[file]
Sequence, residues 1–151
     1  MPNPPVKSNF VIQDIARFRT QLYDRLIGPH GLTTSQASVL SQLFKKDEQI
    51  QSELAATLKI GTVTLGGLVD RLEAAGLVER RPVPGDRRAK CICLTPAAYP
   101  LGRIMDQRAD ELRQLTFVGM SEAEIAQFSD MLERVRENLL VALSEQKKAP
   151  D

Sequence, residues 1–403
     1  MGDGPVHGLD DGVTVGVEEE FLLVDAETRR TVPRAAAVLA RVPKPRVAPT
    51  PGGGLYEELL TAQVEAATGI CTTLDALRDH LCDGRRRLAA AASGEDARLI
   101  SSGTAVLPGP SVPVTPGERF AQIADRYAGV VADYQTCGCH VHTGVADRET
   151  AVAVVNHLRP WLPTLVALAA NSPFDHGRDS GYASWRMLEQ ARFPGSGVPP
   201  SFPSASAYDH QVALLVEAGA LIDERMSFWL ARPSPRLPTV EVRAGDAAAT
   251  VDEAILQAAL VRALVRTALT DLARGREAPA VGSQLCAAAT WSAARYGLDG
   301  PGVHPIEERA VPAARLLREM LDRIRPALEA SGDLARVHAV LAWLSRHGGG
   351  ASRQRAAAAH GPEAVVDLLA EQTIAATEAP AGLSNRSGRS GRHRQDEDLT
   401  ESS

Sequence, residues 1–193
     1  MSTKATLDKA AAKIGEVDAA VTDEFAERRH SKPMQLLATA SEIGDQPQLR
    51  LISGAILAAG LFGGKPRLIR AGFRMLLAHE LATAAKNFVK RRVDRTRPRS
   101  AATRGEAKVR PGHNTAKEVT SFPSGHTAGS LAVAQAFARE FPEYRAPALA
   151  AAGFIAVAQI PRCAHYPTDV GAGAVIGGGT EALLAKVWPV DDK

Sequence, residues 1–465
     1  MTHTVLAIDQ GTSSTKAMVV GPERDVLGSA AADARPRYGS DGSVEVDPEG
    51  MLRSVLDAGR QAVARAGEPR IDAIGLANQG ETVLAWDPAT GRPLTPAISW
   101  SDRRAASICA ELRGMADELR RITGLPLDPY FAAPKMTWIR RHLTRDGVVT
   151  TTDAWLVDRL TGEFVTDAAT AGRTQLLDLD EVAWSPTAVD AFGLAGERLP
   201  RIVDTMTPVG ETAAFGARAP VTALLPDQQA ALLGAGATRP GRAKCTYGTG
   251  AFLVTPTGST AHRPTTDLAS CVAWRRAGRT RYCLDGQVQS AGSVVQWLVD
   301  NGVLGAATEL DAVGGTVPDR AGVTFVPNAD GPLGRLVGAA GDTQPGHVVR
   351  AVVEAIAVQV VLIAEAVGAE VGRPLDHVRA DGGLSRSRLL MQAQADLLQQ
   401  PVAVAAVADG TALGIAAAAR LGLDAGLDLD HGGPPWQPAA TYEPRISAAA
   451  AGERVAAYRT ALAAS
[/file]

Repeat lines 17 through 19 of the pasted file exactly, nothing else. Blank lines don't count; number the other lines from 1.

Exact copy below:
     1  MSTKATLDKA AAKIGEVDAA VTDEFAERRH SKPMQLLATA SEIGDQPQLR
    51  LISGAILAAG LFGGKPRLIR AGFRMLLAHE LATAAKNFVK RRVDRTRPRS
   101  AATRGEAKVR PGHNTAKEVT SFPSGHTAGS LAVAQAFARE FPEYRAPALA